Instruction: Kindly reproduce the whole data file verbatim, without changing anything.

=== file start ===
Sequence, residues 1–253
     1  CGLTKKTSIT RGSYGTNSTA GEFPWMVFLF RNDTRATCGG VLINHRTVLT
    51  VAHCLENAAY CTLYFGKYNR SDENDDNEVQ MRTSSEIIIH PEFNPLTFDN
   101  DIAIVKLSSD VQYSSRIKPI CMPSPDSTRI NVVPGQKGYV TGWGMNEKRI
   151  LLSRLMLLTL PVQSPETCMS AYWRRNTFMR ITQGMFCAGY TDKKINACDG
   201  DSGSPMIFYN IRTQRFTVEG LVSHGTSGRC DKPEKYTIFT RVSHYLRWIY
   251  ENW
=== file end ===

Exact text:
Sequence, residues 1–253
     1  CGLTKKTSIT RGSYGTNSTA GEFPWMVFLF RNDTRATCGG VLINHRTVLT
    51  VAHCLENAAY CTLYFGKYNR SDENDDNEVQ MRTSSEIIIH PEFNPLTFDN
   101  DIAIVKLSSD VQYSSRIKPI CMPSPDSTRI NVVPGQKGYV TGWGMNEKRI
   151  LLSRLMLLTL PVQSPETCMS AYWRRNTFMR ITQGMFCAGY TDKKINACDG
   201  DSGSPMIFYN IRTQRFTVEG LVSHGTSGRC DKPEKYTIFT RVSHYLRWIY
   251  ENW